write-Host $ReturnValue  # *** Display the raw XML ***
[xml]$ReturnValueXML = $ReturnValue  # ***Convert the string to an XML variable ***
# *** Crawl through the XML and display mapped and internal names ***
$nodelist = $ReturnValueXML.selectnodes("/result/returndata/attributes/attribute")
 Foreach ($node in $nodelist) {
 if ($node.type -eq "attribute") {
 write-host ($node.mappingname."#cdata-section" + ', ' + $node.name)
 if ($node.type -eq "folder") {
 write-host ''
 write-host ('Folder = ' + $node.name)  #*** Display Folder Names if encountered ****
 write-host '------------------------------------------------------'

The XML returned by the function call will look something like the following:

 <code>1</code><ErrorMessage />
 <type>attribute></type><level />
 <validationexp />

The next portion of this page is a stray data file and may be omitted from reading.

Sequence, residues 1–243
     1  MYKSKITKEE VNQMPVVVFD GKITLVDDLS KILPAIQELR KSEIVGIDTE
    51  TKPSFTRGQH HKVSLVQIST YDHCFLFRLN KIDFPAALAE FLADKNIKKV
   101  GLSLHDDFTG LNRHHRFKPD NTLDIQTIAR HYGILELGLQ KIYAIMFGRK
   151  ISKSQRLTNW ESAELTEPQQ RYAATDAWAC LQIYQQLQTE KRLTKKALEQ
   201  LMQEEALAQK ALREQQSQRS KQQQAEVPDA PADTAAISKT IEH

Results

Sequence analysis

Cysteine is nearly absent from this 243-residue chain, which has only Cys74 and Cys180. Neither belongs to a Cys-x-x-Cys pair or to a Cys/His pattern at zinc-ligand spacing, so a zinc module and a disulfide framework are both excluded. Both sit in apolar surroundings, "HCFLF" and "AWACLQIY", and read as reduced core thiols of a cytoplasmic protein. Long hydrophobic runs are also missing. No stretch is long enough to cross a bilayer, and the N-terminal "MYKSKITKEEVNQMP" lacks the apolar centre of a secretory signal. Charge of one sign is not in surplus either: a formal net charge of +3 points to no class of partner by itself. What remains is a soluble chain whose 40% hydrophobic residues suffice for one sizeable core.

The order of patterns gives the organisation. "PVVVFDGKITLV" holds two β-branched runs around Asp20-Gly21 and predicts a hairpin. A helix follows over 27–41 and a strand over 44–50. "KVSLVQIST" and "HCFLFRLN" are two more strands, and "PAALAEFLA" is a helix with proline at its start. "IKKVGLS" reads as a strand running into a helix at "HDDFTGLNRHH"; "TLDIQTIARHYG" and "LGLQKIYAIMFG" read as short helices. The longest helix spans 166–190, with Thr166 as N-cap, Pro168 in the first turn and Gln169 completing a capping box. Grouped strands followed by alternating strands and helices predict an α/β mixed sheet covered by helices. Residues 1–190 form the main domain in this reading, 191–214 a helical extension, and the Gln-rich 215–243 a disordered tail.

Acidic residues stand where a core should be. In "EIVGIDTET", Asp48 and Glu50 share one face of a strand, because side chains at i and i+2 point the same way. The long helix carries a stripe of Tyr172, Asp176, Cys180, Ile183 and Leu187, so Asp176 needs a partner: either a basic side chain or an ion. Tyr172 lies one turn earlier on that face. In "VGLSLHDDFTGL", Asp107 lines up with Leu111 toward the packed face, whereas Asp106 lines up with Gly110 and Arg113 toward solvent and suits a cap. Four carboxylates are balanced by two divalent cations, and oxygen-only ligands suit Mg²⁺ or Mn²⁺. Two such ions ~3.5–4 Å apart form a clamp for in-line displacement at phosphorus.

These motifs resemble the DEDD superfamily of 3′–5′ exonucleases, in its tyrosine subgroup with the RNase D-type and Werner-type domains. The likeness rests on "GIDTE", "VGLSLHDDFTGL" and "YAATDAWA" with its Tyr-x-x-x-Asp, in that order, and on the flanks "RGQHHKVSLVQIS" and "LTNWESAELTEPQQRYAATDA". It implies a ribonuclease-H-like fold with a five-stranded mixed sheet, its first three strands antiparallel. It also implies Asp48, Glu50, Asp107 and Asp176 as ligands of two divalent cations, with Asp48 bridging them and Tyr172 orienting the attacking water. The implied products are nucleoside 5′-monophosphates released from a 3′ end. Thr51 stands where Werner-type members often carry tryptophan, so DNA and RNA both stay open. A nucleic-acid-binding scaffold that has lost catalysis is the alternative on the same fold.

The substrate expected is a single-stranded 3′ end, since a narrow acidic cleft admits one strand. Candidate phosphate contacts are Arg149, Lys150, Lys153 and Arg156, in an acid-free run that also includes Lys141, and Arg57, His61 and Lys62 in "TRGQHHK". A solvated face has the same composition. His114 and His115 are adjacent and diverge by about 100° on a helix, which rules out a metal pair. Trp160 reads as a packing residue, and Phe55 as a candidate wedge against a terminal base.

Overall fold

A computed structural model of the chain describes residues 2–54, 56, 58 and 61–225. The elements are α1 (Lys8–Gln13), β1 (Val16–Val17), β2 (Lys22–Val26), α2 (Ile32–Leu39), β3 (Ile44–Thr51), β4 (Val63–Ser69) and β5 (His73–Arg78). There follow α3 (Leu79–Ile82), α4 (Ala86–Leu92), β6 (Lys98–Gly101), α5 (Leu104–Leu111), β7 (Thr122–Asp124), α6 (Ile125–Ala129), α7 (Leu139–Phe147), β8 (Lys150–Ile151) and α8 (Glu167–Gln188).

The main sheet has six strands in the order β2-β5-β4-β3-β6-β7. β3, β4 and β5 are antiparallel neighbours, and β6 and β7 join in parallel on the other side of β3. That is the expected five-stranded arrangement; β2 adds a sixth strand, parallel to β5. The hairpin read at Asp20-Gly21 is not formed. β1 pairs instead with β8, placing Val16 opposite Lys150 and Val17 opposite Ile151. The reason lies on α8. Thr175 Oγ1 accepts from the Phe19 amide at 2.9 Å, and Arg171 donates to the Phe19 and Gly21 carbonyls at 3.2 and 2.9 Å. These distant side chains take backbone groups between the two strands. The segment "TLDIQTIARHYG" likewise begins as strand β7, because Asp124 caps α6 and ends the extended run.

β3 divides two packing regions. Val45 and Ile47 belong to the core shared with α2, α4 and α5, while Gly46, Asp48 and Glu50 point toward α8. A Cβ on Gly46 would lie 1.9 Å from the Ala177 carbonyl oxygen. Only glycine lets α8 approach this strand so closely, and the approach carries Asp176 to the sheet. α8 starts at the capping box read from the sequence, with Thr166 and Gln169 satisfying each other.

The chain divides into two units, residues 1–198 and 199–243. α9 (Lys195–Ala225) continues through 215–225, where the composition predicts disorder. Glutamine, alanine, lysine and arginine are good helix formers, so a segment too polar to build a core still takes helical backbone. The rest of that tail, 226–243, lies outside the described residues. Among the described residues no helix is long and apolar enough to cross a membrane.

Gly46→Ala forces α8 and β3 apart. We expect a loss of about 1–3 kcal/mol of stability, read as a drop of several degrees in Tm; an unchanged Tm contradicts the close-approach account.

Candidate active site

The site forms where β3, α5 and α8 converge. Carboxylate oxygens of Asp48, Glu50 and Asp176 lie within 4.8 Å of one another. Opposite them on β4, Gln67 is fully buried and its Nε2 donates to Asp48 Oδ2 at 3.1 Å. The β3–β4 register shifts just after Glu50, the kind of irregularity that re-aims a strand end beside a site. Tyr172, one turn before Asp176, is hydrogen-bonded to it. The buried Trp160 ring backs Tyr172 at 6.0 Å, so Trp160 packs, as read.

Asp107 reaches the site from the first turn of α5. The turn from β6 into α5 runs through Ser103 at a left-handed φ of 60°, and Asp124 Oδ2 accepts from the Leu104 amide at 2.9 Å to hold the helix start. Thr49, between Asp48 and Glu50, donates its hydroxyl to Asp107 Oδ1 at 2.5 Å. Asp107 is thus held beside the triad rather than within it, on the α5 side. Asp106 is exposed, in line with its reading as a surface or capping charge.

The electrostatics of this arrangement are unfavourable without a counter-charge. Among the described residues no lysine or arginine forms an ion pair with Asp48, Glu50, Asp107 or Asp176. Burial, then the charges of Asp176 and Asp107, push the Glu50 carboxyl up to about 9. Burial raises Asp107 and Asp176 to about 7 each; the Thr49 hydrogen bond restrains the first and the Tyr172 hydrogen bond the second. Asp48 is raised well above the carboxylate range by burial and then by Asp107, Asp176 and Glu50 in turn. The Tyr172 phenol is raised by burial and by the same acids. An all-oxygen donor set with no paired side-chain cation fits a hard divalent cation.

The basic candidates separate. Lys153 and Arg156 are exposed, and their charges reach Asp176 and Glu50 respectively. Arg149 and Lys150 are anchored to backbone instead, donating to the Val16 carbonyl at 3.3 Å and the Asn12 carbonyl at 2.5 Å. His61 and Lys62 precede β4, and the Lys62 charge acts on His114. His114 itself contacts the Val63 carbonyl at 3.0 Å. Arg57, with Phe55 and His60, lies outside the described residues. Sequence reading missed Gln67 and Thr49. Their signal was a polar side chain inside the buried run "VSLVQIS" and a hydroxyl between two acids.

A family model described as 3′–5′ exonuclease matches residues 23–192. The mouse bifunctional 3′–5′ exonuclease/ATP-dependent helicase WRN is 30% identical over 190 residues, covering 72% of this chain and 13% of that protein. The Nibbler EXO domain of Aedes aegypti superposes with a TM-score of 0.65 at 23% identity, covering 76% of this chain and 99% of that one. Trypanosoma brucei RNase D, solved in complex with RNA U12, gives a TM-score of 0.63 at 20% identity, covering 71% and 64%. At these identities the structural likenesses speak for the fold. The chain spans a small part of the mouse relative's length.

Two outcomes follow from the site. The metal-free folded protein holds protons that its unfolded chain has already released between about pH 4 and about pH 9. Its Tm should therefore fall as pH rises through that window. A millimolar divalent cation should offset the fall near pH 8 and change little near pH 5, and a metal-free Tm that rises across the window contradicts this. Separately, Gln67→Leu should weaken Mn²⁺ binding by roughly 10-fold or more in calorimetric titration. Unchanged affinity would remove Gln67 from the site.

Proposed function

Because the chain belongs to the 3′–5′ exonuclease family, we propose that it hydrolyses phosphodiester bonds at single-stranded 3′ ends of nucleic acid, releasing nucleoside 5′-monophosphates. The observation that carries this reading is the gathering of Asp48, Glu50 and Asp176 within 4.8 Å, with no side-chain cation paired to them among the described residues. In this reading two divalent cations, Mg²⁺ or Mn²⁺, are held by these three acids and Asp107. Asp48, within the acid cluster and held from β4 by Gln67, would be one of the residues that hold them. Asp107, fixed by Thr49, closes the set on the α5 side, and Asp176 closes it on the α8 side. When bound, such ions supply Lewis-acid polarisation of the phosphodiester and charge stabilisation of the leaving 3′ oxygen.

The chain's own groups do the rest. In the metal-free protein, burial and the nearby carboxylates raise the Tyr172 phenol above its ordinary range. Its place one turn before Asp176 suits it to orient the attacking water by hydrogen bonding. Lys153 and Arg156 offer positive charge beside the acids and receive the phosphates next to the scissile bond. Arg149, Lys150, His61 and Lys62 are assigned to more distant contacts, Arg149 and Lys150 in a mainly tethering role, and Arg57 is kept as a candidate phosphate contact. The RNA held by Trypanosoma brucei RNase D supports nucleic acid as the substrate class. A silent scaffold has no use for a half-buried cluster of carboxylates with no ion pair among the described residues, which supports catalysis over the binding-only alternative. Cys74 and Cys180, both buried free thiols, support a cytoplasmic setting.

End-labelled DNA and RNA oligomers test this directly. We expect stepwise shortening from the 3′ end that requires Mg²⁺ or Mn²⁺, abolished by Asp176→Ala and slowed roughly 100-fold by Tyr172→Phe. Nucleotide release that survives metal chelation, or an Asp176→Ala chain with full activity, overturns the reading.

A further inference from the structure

Each attribute description begins with a <attribute> tag. The <type> tag is used to identify whether the information refers to a folder or attribute. Notice the <name> and <mappingname> tags, as well as additional tags that identify the type and size of the attribute.

Below is a partial view of what a formatted view of the output might look like after the XML is parsed. In this case, some information such as the type and size of the attribute have been left out.

Folder = Area of Study and Interests
PreferredCampus, text229
ProgramInterest1, text253
ProgramInterest2, text255

Folder = International
InternationalStudent, text295
Arrival Dates, date1483
Flight Arrival Info, text1485
Mailing Tracking No, numeric1581